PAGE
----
Yes, and there, too, I saw him overcome a stereotype: “He’s an old Pope, who doesn’t know how to meet young people.” Instead, we saw a Pope who used concise gestures, centered on the core mysteries of the faith: the Eucharist, the cross, the announcement of Jesus to all, charity. Doing so, not only did he sweep up a crowd the likes of which has never been seen in Madrid, but he inspired in the young people a seriousness and profundity they would not have thought themselves capable of.

What remains of that encounter?
I have seen people who rediscovered faith or discovered their vocation. Also, relationships with civil authorities and social realities opened because of those days, and have remained open. After the tsunami of the crowd, obviously, everything flows back to normal a bit, but there are many people at all levels for whom that World Youth Day was a turning point.

There was a powerful element in those days, which we find in other moments and in the catechesis of this Year of Faith: Benedict XVI gave great importance to the affective aspect, desire, but did so always underlining the intrinsic bond with reason, the unity of the “I.” How important was this “re-centering”? And how does it help to recover faith from the terrain of sentimentalism?
It is true, Pope Ratzinger gives great importance to this aspect. In his encyclicals, for example, affection and desire are a foundational factor: reason and freedom are held as a value, as a good. As early as Deus caritas est, Benedict XVI makes a journey that starts from the dynamic of eros, and thus of affective desire, without opposing it to agape, to charity. These texts are exceptionally rich. But also in his message to the 2012 Meeting of Rimini, there was a valorization of the dynamic of desire precisely because it is intimately bound to the ultimate questions of reason. For this reason, it is not a sentimental impetus: it has to do with the full intelligence of reality, and not just with inclination or drive.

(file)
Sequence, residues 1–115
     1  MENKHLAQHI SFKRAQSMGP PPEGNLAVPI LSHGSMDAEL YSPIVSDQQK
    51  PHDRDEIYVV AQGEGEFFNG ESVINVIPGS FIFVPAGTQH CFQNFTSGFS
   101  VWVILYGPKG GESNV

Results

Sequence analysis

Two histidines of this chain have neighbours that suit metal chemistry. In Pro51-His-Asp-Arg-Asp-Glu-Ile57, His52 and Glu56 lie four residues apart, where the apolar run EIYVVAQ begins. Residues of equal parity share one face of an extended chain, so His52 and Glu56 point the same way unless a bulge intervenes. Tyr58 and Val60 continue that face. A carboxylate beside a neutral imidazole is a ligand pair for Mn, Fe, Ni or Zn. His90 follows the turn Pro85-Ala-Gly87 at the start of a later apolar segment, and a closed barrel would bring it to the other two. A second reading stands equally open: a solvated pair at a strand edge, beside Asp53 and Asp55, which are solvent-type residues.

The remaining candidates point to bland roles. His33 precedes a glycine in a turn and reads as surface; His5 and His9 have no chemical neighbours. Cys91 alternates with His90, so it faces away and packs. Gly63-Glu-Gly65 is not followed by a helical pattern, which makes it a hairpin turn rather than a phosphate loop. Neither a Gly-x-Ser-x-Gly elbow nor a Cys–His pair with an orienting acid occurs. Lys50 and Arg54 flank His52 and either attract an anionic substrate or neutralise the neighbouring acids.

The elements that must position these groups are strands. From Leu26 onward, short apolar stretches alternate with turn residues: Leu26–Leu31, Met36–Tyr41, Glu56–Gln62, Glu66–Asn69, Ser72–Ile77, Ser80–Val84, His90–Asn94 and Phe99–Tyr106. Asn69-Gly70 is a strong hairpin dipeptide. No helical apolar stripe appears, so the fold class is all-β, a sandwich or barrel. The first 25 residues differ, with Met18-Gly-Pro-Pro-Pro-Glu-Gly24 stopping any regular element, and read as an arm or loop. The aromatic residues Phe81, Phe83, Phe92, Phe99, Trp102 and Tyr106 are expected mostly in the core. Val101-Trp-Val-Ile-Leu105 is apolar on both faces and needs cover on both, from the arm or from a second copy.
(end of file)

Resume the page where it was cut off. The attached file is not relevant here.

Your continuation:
Alongside the call to “leave the bunker” and “broaden reason” there was also a continual insistence on the “joy and beauty” of being Christians, and how it is totally to our benefit, humanly speaking. Here, too, what newness has his Magisterium brought?
There is so much to say on this point. I think of the encounters with artists, and his words at the Scala. But let’s just look at one example that I saw close up: his interpretation of the Sagrada Família in Barcelona. On that occasion, the Pope gave a catechesis on beauty that indicates once more his vital sensitivity to Christianity in Europe: in the journey of man, God emerges as the source of this beauty, just as He is the source of goodness and truth. The fascination that generates attraction remains the initial factor of the communication of the faith.

And the relationship with Communion and Liberation? Joseph Ratzinger was a good friend of Fr. Giussani, but it is truly moving to see the way his Magisterium is also helping us understand more deeply the charism of Giussani.
Those educated by Fr. Giussani find a syntony, an affinity with this Pope that makes him very familiar. Because of the charism, it is possible to share and love his proposals according to the syntony that Ratzinger himself spoke of in his homily at Fr. Giussani’s funeral, and that he spoke of again just a few weeks ago, in the audience with the Missionary Priests of the Fraternity of Saint Charles Borromeo. This familiarity is a grace within a grace. One can only acknowledge it with gratitude and wonder.

It is amazing how even in the gesture of resignation there is something that makes us understand better some points we have worked on in recent times: the call to realize that “the Christian is attached to no one but Jesus,” as Fr. Giussani said; the supremacy of testimony and not of power; the fact that circumstances are “a decisive and not secondary factor” in one’s personal vocation... These things we have seen incarnate in a very powerful way and at the maximum level in the Pope.
With his resignation, too, Benedict XVI made a gesture of love for Christ and trust in God in action. God is real, so real that He can guide the Church with the assistance of the Spirit. It is true, he makes us see well that it is to our advantage to attach ourselves to “no one but Jesus.” His testimony forces us to take a position in such a way that our faith can grow. He did not merely explain faith: he made it happen. And then he explained it beautifully.